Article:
Cultural Memories for Better Place Experience: The Case of Orabi Square in Alexandria, Egypt.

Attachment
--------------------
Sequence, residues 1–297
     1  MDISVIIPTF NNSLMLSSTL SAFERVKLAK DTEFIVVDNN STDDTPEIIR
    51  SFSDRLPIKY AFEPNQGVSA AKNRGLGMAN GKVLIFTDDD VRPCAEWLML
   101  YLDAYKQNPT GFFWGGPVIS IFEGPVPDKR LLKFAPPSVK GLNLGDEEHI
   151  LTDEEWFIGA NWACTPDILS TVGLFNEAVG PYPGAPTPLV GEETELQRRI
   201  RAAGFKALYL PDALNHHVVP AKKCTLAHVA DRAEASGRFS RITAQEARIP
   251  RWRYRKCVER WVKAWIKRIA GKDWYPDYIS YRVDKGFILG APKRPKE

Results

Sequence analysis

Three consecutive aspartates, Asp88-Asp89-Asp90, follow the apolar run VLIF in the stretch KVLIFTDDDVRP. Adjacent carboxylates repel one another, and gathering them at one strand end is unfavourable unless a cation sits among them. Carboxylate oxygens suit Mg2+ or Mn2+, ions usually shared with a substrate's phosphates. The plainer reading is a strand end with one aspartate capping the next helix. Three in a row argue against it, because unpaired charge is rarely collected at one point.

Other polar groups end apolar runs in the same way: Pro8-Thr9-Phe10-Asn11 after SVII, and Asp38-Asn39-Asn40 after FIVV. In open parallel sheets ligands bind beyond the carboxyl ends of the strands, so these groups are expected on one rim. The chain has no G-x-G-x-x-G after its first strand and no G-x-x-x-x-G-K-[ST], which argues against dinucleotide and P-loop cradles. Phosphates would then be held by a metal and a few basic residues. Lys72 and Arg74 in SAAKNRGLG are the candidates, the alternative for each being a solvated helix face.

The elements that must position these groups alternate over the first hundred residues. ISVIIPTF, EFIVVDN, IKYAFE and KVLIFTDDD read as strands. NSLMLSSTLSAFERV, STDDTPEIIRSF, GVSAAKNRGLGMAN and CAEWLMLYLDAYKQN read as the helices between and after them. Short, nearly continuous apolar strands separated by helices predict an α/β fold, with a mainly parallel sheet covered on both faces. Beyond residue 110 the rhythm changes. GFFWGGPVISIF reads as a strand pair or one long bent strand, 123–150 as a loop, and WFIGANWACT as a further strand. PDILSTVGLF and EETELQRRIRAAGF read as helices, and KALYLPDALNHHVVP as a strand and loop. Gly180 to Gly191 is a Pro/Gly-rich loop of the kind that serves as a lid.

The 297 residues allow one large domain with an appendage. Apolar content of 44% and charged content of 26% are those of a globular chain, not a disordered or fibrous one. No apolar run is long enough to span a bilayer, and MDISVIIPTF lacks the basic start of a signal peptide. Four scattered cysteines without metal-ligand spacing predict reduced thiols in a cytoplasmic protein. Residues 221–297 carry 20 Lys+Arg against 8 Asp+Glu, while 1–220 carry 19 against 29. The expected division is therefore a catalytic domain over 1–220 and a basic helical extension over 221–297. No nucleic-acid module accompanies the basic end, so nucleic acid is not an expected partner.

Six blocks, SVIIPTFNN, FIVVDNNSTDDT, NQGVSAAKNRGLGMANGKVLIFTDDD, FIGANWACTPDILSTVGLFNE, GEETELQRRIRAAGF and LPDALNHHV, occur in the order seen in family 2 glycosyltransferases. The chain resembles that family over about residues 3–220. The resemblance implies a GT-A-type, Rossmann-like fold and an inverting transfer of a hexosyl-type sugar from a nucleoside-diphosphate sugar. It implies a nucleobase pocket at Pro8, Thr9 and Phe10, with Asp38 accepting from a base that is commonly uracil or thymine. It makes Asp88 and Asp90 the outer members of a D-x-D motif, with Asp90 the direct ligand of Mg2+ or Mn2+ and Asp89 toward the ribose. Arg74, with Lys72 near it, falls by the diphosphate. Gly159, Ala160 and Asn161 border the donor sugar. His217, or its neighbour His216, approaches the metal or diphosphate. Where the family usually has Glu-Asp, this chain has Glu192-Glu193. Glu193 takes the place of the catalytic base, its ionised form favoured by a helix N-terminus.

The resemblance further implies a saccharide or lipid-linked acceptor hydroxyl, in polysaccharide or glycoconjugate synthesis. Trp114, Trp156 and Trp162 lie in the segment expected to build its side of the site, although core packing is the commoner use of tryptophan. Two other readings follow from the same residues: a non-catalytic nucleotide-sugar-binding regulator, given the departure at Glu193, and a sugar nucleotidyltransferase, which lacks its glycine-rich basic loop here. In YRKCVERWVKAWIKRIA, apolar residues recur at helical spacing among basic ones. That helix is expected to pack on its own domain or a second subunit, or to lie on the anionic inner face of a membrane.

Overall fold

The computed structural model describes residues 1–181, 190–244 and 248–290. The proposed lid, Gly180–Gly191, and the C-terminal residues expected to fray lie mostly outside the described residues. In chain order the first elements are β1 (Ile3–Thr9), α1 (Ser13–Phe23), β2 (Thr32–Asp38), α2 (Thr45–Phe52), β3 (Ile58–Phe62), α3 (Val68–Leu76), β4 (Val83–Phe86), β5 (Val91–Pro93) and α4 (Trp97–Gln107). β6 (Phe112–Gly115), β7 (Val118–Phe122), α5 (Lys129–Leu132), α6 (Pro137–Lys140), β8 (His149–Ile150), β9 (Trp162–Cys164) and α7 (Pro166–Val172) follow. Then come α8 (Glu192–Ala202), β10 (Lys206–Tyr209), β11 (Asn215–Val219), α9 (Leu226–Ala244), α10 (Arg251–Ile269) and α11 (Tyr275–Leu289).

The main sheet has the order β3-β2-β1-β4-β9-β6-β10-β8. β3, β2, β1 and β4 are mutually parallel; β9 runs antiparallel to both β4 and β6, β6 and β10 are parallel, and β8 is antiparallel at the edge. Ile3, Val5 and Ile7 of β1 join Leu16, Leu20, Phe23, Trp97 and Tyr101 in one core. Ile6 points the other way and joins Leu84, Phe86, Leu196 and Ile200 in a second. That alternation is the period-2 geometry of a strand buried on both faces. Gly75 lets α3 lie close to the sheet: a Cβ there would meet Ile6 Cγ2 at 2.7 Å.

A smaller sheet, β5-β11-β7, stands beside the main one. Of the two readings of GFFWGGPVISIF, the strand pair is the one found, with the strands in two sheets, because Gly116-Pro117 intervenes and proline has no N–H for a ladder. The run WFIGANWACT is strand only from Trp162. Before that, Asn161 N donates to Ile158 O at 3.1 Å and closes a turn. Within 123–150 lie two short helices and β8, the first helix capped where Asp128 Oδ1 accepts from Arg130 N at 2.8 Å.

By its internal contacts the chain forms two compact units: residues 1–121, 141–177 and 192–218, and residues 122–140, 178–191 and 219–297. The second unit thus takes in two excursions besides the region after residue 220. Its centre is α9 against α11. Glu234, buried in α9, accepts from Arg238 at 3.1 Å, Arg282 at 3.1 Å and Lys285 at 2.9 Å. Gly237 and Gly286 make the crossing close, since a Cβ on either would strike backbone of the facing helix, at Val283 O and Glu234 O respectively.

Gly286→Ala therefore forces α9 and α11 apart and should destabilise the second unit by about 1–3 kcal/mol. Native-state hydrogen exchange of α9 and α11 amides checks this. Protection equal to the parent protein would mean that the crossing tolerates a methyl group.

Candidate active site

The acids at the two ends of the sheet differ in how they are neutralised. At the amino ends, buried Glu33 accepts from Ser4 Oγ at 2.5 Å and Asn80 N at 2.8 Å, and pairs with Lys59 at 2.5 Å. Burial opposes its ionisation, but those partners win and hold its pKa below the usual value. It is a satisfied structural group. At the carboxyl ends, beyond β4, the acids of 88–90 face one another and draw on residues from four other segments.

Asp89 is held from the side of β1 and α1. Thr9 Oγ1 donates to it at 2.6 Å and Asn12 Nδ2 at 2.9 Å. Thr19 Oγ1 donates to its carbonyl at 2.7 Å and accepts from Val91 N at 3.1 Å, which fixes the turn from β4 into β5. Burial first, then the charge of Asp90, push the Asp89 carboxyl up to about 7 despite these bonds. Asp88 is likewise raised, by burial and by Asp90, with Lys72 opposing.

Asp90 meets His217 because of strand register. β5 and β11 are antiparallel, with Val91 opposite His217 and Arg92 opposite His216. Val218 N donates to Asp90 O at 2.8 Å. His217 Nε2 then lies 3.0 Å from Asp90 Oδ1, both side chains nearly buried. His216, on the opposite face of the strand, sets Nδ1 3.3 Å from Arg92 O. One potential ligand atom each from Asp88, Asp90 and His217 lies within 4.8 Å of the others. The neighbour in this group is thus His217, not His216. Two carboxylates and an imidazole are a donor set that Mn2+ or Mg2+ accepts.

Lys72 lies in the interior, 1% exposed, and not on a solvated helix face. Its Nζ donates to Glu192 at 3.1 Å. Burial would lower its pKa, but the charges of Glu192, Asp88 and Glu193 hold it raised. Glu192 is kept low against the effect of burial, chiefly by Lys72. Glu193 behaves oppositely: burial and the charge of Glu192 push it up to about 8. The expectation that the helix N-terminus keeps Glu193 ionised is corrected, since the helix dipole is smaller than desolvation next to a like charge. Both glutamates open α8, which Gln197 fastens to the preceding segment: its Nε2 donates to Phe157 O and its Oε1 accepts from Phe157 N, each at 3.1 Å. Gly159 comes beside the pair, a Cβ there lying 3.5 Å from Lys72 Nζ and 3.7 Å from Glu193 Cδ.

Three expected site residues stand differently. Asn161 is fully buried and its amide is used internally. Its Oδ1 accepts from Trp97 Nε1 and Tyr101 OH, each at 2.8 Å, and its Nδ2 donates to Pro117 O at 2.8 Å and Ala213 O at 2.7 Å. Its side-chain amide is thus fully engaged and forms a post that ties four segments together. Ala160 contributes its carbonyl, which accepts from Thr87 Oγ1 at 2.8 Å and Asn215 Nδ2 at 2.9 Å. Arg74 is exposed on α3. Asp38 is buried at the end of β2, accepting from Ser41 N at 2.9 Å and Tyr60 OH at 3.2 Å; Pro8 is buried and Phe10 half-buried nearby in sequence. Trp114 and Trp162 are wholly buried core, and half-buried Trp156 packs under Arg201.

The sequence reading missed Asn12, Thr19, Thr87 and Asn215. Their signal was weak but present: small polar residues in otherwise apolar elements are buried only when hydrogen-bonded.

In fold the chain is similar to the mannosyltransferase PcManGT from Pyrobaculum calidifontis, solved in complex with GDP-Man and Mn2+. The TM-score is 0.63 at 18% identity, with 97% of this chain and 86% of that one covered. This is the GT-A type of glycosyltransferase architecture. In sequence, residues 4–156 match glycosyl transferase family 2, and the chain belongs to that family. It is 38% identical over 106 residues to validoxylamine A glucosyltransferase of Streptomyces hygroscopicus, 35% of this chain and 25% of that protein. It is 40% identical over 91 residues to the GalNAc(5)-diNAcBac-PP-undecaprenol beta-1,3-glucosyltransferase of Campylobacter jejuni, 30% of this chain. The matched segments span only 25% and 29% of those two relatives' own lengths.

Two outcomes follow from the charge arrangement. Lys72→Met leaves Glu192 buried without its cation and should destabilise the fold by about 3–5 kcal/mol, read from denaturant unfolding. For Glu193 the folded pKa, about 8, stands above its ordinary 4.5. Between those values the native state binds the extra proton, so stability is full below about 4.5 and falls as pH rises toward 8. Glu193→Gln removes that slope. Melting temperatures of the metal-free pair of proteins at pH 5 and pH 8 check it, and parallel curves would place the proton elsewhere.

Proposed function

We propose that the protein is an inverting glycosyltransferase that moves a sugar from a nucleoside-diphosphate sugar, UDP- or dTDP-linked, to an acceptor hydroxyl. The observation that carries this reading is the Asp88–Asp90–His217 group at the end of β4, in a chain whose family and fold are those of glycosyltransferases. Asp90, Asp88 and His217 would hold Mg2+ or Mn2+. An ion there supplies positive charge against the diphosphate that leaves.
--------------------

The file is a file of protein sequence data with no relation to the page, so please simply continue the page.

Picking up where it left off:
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Globalization is associated with significant transformations in city forms and cultural and social performances. Governments and cultural heritage organisations increasingly appreciate the importance of preserving diverse physical cultural heritage through rehabilitation and the implementation of conservation plans. Nevertheless, there is a need to evaluate whether these plans understand the importance of cultural memory in societies, as well as how it affects the human psyche. Utilizing Orabi Square, which is one of the richest Historic Urban Landscapes (HUL) in the metropolitan city of Alexandria in Egypt, this study aims to answer the question; to what extent does Historic Urban Landscape (HUL) management present a situation that maintains cultural memory and achieve psychosocial well-being? The research explored the site’s old and new conditions and place experience, applying a qualitative approach through onsite face-to-face semi-structured interviews combined with data from a Facebook group—Alexandria’s Spirit. The QSR Nvivo12 analysis program was used for the data interpretation and for charting the intangible values accompanying cultural memory such as emotions and behaviour. The study indicated that cultural memory is an affective catalyst for emotional attachment to place and is an important factor informing sense of place. Based on our study, inclusion of cultural memories should be an integral element in the future management plans of Orabi Square to enhance place experience and psychosocial well-being.
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